One of the hallmark findings of the present WMS investigation is to decipher the possible association of the archaeal and viral fractions with bacterial communities in the As-contaminated GW. In comparison to bacteria, the relative abundance and diversity of archaea and viruses remain substantially lower (< 1.0%). The anaerobic methanogenic genus Methanosarcina dominates the archaeal portion of all of the GW samples of both metagenomes. The cross-kingdom multi-microbiome interaction was always dominated by bacteria. Previously, archaea and viruses were identified in the As-contaminated surface and well water with a lower quantity (0.4—1.2%) [10, 56] supporting our present findings. Although, the presence of archaea is ubiquitous and universal in natural environment, high As content can restrict their prevalence due to their sensitivity or lack of an ‘As’ detoxification systems [10].

We detected 92 VFGs and 81 AMRGs in the six GW samples. On an average, the As-contaminated GW microbiomes of Chandpur district harbored more VFGs and AMRGs compared to those of Munshiganj. The most common antibiotic classes in the microbiomes of both sample groups were macrolide and aminoglycoside resistance genes. Antibiotic resistance genes (macrolide, aminoglycoside, beta-lactamase etc.) were found in bacteria isolated from As-contaminated tube well water of Bangladesh [14]. Heavy metal contamination affects the co-selection and transmission of AMRGs in aquatic systems [57, 58]. Functional metabolic analysis through the KEGG pathway revealed the abundance and distribution of different proteins involved in As metabolism in the As-contaminated GW samples. In the As-contaminated GW samples of both districts, genes for arsenic metabolism, including arsenate reductase, along with those for arsenic resistance, were present. Moreover, we found that genes encoding enterobactin synthase components (entB and entE), ABC ferric transporter and siderophore efflux systems were also present in the GW microbiomes. These systems participate in As mitigation, iron chelation, and metal detoxification [59]. These genetic pathways may affect arsenic mobility and toxicity [56]. Interestingly, we found no genes associated with arsenite oxidation in the GW microbiomes. But we confirmed the presence of arsenite oxidizing bacteria and the gene responsible for As (III) oxidation in the cultured isolates. The possible reason behind this might be the low depth of microbiome sequencing or the very low abundance of microbiome harboring the genes related to arsenite oxidation. However, we employed the enrichment culture media to isolate desired arsenotrophic bacteria. Further investigation will be needed to unveil the actual reason.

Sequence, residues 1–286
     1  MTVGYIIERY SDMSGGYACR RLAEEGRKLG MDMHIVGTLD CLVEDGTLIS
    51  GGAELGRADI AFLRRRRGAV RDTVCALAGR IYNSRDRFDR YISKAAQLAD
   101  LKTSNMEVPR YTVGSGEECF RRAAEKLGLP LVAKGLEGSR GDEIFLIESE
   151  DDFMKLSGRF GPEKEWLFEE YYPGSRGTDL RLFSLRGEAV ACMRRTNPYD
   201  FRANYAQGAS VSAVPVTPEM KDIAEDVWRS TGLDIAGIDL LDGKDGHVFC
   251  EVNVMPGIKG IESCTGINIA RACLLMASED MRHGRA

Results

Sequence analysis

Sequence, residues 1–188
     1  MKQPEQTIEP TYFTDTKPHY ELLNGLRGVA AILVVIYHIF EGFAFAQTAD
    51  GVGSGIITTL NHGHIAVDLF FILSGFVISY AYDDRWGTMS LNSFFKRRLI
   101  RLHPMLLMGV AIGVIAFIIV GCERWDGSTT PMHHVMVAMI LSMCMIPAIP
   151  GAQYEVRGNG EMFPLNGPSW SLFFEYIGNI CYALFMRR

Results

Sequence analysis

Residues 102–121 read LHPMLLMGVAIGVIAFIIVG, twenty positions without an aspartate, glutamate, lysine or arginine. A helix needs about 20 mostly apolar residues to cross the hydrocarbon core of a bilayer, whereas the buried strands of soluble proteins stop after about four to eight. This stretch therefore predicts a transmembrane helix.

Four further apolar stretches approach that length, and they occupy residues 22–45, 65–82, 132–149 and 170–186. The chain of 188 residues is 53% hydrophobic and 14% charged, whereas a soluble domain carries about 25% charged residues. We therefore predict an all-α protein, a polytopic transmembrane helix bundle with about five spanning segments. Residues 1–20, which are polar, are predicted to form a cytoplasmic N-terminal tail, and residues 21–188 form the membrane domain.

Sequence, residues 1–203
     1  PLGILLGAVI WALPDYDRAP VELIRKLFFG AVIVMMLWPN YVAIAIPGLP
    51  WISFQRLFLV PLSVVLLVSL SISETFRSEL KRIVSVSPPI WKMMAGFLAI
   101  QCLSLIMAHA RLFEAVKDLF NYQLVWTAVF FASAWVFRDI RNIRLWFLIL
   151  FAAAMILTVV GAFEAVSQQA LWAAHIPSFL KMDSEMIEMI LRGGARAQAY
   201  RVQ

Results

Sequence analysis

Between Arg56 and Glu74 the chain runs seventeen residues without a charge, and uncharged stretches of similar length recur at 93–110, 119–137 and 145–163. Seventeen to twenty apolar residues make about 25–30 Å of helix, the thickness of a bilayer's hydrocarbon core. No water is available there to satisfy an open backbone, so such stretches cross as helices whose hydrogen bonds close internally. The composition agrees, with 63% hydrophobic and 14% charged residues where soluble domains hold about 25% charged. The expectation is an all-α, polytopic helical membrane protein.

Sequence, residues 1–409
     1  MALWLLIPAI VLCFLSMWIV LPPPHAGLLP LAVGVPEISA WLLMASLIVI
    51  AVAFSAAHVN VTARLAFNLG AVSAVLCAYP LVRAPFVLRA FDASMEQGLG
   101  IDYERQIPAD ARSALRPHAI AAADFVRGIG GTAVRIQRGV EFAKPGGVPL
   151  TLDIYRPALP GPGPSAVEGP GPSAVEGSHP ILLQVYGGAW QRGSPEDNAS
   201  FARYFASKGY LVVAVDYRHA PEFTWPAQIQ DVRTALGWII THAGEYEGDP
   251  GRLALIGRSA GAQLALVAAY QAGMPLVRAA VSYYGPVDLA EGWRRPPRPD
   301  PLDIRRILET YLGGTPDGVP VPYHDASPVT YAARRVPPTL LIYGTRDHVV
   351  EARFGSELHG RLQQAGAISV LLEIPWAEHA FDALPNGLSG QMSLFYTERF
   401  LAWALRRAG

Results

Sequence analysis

Arsenic pollution in groundwater and soil is a global threat especially in Bangladesh. Novel genes and enzymes involved in microbial arsenotrophy are reported from diverse habitats; Bangladesh is behind due to a lack of arsenic microbial ecology research expertise. This study elucidated the microbial community and features responsible for As metabolism in As-contaminated GW of Munshiganj and Chandpur districts of Bangladesh. Bacterial dominance over other domains was established by shotgun WMS approach in As polluted locations. This study revealed genes encoding As resistance proteins and siderophores that enable bacteria to acquire iron from arsenopyrite minerals, releasing arsenic into the environment. The high frequency of As resistance and oxidation genes discovered using a cultivation-dependent approach revealed native bacterial community is actively involved in mobilizing and detoxifying As in GW. Metagenomic and enrichment studies addressed arsenotrophic microbiomes and their functions in As biogeochemical transformation. Future research can be focused on genetic and proteomic analyses of indigenous isolates to build green in-situ bioremediation strategy for As-contaminated locations in Bangladesh.

Availability of data and materials

The sequence data and related metadata reported in this paper are available in the repository of the NCBI database under Sequence Read Archive (SRA) submission under BioProject accession- PRJNA916093 ( Supplementary information supporting the findings of the study are available in this article as Figs. S1-S5, Data S1-S2, and Table S1.